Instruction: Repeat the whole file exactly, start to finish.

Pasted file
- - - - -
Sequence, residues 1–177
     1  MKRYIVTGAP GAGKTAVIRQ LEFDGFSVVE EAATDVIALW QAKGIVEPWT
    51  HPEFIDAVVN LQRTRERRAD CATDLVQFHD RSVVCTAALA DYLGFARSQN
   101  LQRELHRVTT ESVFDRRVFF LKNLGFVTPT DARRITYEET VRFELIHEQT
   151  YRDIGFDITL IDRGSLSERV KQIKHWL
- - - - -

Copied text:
Sequence, residues 1–177
     1  MKRYIVTGAP GAGKTAVIRQ LEFDGFSVVE EAATDVIALW QAKGIVEPWT
    51  HPEFIDAVVN LQRTRERRAD CATDLVQFHD RSVVCTAALA DYLGFARSQN
   101  LQRELHRVTT ESVFDRRVFF LKNLGFVTPT DARRITYEET VRFELIHEQT
   151  YRDIGFDITL IDRGSLSERV KQIKHWL